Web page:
In this article Alan Field explains how to identify drainage assets and be aware of both the safety and environmental issues that their ongoing maintenance could entail. For some sites this may be straightforward. However, this cannot be assumed. At some sites subsurface drainage services will require further investigation and levels of risk assessment.

Below ground

Each site will have unique drainage arrangements. It should never be assumed what these are or that they will prove to be trouble free.

While older sites might present more complex drainage assets, even modern buildings may have unexpected subsurface infrastructure, sometimes due to cost expediencies before or during construction. Also, the site may have environmental considerations, such as receptors, ie protected species or aquifers, that may eventually be negatively impacted upon by known (and unknown) drainage pathways. The so-called “source-pathway-receptor” approach helps a facility management professional understands the consequences of drainage — both those that are planned and unplanned.

This is one reason why risk assessment is so important. A part of the risk assessment process should be to understand the drainage assets. After this, the environmental and safety risks connected with these assets can be assessed, including those connected with planned and preventive maintenance.

Drainage, is not of course, the only underground service on many sites. The Health and Safety Executive’s HSG47 document should be read in connection with the way different services can interact with one and other, particularly from a safety perspective.

Even where drainage arrangements are understood on a site, these could be compromised by, say, subsidence, or other consequences of poor (or simply non-existent) maintenance. So, these pathways might also cause pollution on the way and create an unplanned (and often unknown) receptor, unless obvious signs of pollution arise at surface level.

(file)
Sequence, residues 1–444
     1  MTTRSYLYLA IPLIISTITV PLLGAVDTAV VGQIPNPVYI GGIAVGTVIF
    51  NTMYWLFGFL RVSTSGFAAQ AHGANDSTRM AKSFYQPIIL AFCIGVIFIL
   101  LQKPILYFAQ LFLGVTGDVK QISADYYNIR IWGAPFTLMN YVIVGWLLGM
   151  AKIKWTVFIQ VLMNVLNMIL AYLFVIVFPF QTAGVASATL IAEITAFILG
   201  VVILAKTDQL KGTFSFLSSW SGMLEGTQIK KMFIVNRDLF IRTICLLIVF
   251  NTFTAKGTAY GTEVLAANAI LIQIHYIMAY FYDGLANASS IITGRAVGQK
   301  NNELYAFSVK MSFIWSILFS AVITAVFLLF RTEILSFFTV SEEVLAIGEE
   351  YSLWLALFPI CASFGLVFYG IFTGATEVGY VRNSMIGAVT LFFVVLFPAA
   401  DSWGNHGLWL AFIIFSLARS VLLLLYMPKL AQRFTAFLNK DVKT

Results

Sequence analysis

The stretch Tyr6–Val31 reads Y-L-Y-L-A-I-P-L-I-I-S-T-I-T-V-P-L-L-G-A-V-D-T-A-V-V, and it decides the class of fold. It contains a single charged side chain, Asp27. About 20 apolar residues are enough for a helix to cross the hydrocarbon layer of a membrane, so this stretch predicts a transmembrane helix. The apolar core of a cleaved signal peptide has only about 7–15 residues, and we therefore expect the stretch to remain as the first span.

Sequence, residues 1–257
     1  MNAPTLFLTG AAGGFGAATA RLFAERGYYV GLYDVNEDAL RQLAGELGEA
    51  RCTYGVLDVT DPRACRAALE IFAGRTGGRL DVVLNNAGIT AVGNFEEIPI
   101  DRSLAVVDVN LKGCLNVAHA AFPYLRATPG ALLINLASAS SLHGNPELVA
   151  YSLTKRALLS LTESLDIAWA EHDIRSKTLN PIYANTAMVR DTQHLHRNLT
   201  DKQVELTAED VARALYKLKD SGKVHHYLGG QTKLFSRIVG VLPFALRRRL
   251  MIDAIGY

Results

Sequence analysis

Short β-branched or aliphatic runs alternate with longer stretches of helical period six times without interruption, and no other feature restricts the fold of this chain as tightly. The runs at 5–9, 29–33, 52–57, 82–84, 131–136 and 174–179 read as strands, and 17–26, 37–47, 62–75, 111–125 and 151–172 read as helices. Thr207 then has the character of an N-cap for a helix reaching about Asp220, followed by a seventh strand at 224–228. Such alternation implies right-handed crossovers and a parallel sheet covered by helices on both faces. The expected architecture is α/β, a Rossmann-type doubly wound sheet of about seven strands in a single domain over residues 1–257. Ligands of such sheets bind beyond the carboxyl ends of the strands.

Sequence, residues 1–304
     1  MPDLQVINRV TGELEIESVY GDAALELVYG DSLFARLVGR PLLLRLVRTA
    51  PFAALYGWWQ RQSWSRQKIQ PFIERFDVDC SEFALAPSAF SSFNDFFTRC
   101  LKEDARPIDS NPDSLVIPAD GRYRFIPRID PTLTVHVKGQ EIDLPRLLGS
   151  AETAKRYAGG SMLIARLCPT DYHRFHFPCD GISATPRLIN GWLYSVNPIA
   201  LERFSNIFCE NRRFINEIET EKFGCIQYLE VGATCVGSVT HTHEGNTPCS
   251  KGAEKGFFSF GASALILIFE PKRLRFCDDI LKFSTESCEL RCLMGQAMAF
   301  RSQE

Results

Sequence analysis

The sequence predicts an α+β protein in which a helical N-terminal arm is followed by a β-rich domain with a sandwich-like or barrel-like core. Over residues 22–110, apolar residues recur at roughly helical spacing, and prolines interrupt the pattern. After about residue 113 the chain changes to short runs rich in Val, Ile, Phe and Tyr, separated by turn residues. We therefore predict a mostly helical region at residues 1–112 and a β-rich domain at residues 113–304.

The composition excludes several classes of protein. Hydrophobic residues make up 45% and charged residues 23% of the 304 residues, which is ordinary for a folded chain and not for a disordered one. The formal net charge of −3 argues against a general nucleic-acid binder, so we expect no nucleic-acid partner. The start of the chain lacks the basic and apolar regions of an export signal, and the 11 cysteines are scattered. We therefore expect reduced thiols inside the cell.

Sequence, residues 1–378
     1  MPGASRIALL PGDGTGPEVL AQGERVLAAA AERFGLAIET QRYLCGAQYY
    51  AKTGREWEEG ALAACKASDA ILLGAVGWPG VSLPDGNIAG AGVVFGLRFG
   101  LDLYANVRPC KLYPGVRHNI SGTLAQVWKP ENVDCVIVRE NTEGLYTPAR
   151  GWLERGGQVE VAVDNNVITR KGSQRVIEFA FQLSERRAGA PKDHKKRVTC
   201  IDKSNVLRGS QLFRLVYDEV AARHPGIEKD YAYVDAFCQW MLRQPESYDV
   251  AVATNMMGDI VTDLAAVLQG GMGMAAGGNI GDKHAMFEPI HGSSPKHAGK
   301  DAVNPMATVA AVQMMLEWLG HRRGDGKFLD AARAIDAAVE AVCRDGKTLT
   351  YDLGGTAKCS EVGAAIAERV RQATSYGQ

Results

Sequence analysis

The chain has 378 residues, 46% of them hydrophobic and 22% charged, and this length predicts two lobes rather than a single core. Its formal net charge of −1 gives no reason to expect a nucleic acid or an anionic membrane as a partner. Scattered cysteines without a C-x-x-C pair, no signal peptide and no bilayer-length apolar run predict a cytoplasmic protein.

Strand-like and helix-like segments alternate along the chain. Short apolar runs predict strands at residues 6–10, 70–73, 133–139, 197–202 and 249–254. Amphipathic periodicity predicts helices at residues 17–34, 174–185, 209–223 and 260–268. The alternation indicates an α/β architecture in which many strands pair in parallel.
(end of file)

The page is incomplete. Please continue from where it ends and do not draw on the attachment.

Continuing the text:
Unplanned events can also lead to health and safety issues not considered or planned for. In other words, always consider the risks arising from unexpected drainage activity, eg backflows or the risks involved in resolving drainage issues and methane gas build ups in private sewers or septic tanks.

Not being able to resolve drainage issues quickly can make the risk of prosecution for environmental and/or safety issues more likely. It also unnecessarily increases the risks of incurring civil liabilities and, possibly, provoking insurance companies into asking awkward questions about why the incident could have arisen in the first place. Also, there is the risk of bad publicity for the organisation’s brand, let alone the risk to human life and safety. In short, ignorance is never bliss with drainage.

Drawing the line

A facility management professional should always be aware of their site drainage plan. This could be the architect’s original drainage plan or one prepared later after a drainage survey. The older the plan then the greater the risk there have been changes made to the drainage assets at the later date. The other common risk is that the original drainage plan was never fully executed during construction or, occasionally, was executed completely differently. Sometimes drainage pipes and private sewers may be shown on the plan but not the other drainage infrastructure, eg interceptors or sumps. Some drainage plans show straight lines when the underground services actually snake. Equally important, some drainage plans are unclear about the depth of installations.

In other words, assumptions should not be made about the accuracy of any drainage plan unless there is other evidence to establish this. It may be necessary for the occupier or landlord (depending on their responsibilities) to pay for a drainage survey. In this way, both safety and environmental risks can be better understood.